How to Grow Hemp for CBD in Wisconsin – Step 8: Processing for Flower

Cannabis flower high in CBD has hundreds of benefits. Although the majority of CBD products on the market today are produced using CBD oil, there is still a solid demand for the flower in smokable form. Those who smoke CBD buds report various positive effects such as (but not limited to); a reduction is seizures, inflammation, pain, and anxiety. The effects of smoking or vaping the flower are nearly instant, which is an added benefit as well. It should be noted that those with respiratory issues are prone to negative reactions in their lungs, just as with any smoke.

Growers who process their flower for smokable/vaping purposes first dry their buds properly after harvest. As stated in Step 7, curing the flower is highly suggested in order to take the product to the premium level. After the buds are fully cured, it’s time to break down the flower using a grinder. Once the flower is all ground up, roll a cigarette using hemp-based rolling papers. Reputable brands include RAW and Zig Zag. It’s also a good idea to use a filter, which is sometimes referred to as a crutch. This enables smokers to properly hold the cigarette without damaging its integrity. Selling your crafted smokes in packs of 5-20 has been a pretty lucrative plan for growers in the past. Also, many users enjoy the process of rolling their own, so just selling the ungrounded flower post-cure is also an effective business plan.

How to Grow Hemp for CBD in Wisconsin: Step 6 – Drying

A location to dry your hemp should be determined before you even put plants in the ground. It’s a detail that could potentially be overlooked, but it’s of the upmost importance that the drying process begins immediately after harvest. The plants will be full of moisture once taken from the ground, so a proper drying facility is vital in order to prevent the plant material from molding. Structures such as a barn with a roof, walls and a large open space are ideal for drying.

Solid ventilation is very important, so hanging the floral biomass spaced appropriately along strings or set on open racks are the two most commonly used drying setups. Several industrial fans should be utilized during and after the plants are set up in the drying structure. The temperature in your drying space should sit somewhere between 60-70 degrees F, and a humidity of 60% should be maintained.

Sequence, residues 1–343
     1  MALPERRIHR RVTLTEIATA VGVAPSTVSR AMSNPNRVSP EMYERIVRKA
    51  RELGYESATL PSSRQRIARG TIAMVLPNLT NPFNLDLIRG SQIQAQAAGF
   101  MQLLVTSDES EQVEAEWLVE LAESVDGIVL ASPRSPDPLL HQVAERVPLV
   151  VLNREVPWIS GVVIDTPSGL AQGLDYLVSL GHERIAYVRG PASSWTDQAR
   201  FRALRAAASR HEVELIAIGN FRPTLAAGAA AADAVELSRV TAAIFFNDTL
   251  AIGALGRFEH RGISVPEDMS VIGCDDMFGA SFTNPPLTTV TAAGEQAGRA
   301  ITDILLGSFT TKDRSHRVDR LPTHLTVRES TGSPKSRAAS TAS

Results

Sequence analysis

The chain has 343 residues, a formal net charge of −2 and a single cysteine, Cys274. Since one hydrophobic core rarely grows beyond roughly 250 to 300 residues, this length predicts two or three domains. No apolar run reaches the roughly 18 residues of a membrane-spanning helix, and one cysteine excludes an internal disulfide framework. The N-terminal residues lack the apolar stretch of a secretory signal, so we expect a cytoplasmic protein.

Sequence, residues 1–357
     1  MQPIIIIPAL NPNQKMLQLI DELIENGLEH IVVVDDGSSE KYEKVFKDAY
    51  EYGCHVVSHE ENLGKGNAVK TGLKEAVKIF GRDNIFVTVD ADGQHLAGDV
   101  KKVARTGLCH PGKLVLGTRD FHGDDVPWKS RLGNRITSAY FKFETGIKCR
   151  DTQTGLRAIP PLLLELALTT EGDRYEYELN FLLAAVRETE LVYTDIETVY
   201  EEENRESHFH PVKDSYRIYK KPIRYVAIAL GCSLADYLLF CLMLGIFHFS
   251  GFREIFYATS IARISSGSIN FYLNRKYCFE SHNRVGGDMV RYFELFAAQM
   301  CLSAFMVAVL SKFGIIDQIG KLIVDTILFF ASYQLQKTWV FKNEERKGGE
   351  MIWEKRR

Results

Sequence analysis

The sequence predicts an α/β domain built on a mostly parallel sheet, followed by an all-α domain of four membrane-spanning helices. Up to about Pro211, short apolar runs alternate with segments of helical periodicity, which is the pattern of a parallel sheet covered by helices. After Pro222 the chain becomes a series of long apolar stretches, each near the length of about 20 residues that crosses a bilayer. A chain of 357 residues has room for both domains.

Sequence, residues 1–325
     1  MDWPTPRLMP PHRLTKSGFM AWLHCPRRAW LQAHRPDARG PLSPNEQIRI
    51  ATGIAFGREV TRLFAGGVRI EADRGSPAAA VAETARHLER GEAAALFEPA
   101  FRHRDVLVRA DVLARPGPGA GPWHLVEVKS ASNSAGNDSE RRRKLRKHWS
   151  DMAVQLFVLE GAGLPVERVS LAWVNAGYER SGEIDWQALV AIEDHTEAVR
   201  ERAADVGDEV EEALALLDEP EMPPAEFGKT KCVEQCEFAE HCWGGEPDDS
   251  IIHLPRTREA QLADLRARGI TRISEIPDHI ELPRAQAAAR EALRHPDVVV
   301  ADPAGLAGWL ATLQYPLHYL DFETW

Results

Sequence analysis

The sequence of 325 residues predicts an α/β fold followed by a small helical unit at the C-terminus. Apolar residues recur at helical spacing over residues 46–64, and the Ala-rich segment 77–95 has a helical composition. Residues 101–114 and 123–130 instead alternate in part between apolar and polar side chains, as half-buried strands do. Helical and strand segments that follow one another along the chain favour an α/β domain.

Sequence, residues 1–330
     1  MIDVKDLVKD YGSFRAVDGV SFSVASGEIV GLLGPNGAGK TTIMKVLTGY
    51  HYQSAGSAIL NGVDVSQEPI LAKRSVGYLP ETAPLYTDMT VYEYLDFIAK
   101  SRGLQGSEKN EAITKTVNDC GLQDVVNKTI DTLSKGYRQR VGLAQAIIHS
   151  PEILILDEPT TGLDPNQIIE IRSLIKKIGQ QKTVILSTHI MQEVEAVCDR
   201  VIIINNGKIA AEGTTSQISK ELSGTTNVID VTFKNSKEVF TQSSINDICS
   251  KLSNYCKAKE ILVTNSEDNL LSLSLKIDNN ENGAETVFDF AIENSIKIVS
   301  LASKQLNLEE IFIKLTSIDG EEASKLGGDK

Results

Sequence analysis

While some growers will rush through the drying process, this runs the risk of improperly drying the flower and leaves a chance that the buds will rot from within. Ideally, a slow-dry process with consistently high airflow will cure the hemp and produce and higher-quality product.

Farmers have found that hanging whole plants upside down on wires is inefficient, as the resulting closed umbrella shaped plants will prevent ventilation in the center. Due to this effect, growers are advised to dry individual branches of flower. Although this is a bit more intensive, it will pay off in the long run with properly dried biomass, and a higher market price.

Howdy farmers!

Photography By PRO Stock Professional /

My name is Sam Higginbotham and welcome to The Industrial Hemp Blog! I’m currently a senior studying Electronic Media and Advertising at the University of Wisconsin-Whitewater. Alongside finishing my education, I’m also focused towards the cultivation and processing of industrial hemp.

“Why use up the forests which were centuries in the making and the mines which required ages to lay down, if we can get the equivalent of forest and mineral products in the annual growth of the hemp fields?” ~ Henry Ford

Before we take the dive into more specific news and details of this industry, I figured it’d be best to start by clarifying the most common misconception surrounding industrial hemp;

FALSE: Hemp and Marijuana are the same thing.

(L)Industrial Hemp (sativa) – H. Zell | (R) Marijuana (indica) – Axsadi Sánchez de Tagle

Although both plants are a part of the cannabis family, the two are drastically different on chemical and industrial levels. While marijuana (right) plants are grown in a manner to grow to average height and focus towards higher flower yields, industrial hemp (left) plants are grown taller and skinnier in order to maximize stalk yields during harvest.

Asides from physical appearance and cultivation techniques, these plants also differ on a chemical level. The majority of marijuana grown is cultivated with high THC percentage as the main focus. THC is the psychoactive component found in marijuana buds, which is why people catch a buzz when smoked. Industrial hemp contains minuscule amounts of THC, generally below 0.3%. This is not nearly enough to get psychoactive effects. Furthermore, the flower that hemp does produce is usually high in CBD, a chemical which has been shown to naturally calm your mind, promote relaxation, and ease pain caused by a multitude of health issues. I hope this provides some clarity on this hot topic, and feel free to post any questions you may have in the comments section. Thanks for reading and stop by again soon!

-Sam Higginbotham